The Dining Dish blog is Dara Bunjon's take on anything food, both national and in her hometown of Baltimore. Warning: this food blog can be harmful to your waistline.

Thursday, August 25, 2016

Nine year old Baltimorean competes on Food Network’s Chopped

What a surprise I just got from my friend Daniel Waldman, he just posted to watch  his daughter Amandine on the Food Network’s Chopped Junior, Tuesday, September 6th at 8pm ET/PT.  Things started to make sense to me – I had mentored Amandine back in March on knife skills, taste and flavor just thinking she wanted to learn more about cooking, she loves to cook with her dad. But I digress.

Daniel just explained what he could, which is very limited until the show airs.  He said Amandine; his perky, petite powerhouse of a nine year old wanted to compete on Chopped Junior, and what parent can deny their child an opportunity--- so they let her apply.  

If you haven’t watched the Food Network’s Chopped or Chopped Junior, it is a culinary competition where 4 contestants are given mystery baskets of ingredients and 30 minutes to make a cohesive dish in 3 rounds; an appetizer, a main course and a dessert. After each round is completed, a culinary panel of judges determines whose dish didn’t make it and the contestant is “chopped.” At the end, one contestant remains standing, earning the $10,000 prize.   

Just recently, Thrillist published an article on behind the scenes factoids on Chopped and Chopped Junior, i.e., each episode takes 12 hours to film or how complex it is planning the mystery baskets.  If you have watched Chopped, the adult version, you recognized the stress level the contestants endure – now imagine a nine year old dealing with the anxiety of the competition: fast paced kitchen, accidents, and that nasty word, failure. 

Daniel and I always talk food, eating, cooking and eating some more.  During the 2016 January blizzard he popped up to my house to shovel my driveway while I was sequestered in St. Joseph Hospital with a critically ill husband.  In return of the magnanimous gesture, I suggested for him to bring his daughter over and I would teach her some knife skills, techniques ---it was the least I could do.

My mentoring session had Amandine arrive in my kitchen with dad in tow and her step stool so she could reach the countertop. I set out to see her knife skills, teaching her how to cut peppers from the  inside, to get a dice from an onion, how to clean and broil asparagus seasoned with salt, sugar and finished with olive oil and grated citrus rind (Shirley Corriher’s recipe). We moved onto how seasonings and fats affect and carry taste. To that end, I boiled chicken and Amandine tasted the plain broth, it tasted like chicken – then I added salt to the broth and the flavor popped, then butter-the fat that made the flavor last longer and linger on the tongue and then a splash of lemon to that broth to brighten the flavor.  We talked texture, adding crunch – we talked color, adding fresh herbs. It was a fun afternoon, I love sharing my culinary knowledge to anyone who will listen.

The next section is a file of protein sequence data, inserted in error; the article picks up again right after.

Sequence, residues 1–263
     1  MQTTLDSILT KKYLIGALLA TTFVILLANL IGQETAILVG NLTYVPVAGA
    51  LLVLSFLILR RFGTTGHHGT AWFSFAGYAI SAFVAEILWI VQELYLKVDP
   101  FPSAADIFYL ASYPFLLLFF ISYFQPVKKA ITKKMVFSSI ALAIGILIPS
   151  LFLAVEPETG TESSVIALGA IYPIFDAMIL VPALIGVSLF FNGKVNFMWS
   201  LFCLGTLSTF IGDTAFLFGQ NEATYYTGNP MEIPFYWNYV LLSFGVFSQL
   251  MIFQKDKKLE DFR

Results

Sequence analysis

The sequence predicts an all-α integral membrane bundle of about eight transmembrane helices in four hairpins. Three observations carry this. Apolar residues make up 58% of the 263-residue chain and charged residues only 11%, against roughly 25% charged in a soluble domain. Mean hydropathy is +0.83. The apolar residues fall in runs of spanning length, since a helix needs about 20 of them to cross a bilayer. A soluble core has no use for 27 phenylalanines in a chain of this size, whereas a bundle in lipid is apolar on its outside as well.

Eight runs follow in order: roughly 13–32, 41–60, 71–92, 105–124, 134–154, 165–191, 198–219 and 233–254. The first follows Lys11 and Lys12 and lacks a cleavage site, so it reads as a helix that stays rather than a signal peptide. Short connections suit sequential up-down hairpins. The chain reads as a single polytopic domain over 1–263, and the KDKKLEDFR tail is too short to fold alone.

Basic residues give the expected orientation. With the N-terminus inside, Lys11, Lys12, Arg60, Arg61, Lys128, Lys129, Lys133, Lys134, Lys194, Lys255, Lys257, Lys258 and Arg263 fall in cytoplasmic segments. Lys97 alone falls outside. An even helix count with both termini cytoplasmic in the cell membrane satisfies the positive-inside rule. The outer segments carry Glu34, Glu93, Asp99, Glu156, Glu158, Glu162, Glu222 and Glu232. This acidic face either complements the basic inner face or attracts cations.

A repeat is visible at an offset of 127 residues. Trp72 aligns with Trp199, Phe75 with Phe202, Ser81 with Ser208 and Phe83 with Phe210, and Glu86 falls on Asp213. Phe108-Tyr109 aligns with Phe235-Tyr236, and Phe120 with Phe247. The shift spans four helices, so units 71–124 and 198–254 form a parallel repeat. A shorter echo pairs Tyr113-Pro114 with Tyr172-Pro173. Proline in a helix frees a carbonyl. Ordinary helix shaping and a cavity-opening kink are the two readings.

I emphasized to taste ingredients before adding them to a dish.  Not all vinegars or oils are the same. Both dad and she tasted about 15 varying vinegars that I keep in my cabinet from the likes of red wine vinegar, malt vinegar, purple sweet potato vinegar, rice wine vinegar, chocolate vinegar and more.  

Amandine’s mom, Marie, is French and the family has decided to move to Nantes, France. The family went about 3 weeks ago and dad remained in Baltimore until this past week to wrap up the odds and ends one has when moving.  Daniel informed me while he remained here in Baltimore, that Amandine was cooking all the meals for the family until he was to join them in Nantes. Now a big One Zero (10), Amandine, is in the double digits, indulging in all that is fresh from  the open air markets and the Loire River in the Upper Brittany region of Western France – now there is a mystery basket I would like to taste.

Be sure to tune into the Food Network’s Chopped Junior, Tuesday, September 6 at 8pm ET/PT and cheer on Amandine. I can’t wait to see how my powerhouse of a mentee fairs – can you imagine nine years old. I was barely coloring inside the lines at that age.

 FYI: Chopped Junior is now casting kid chefs of all ages from 9 to 13 for their next season. Do you know a culinary prodigy that would excel in the reality TV environment and soar in their competition kitchen? Reach out to their casting agency:  

How would you fare in the Chopped kitchen, check out host Ted Allen’s video tour of the Chopped Junior kitchen?

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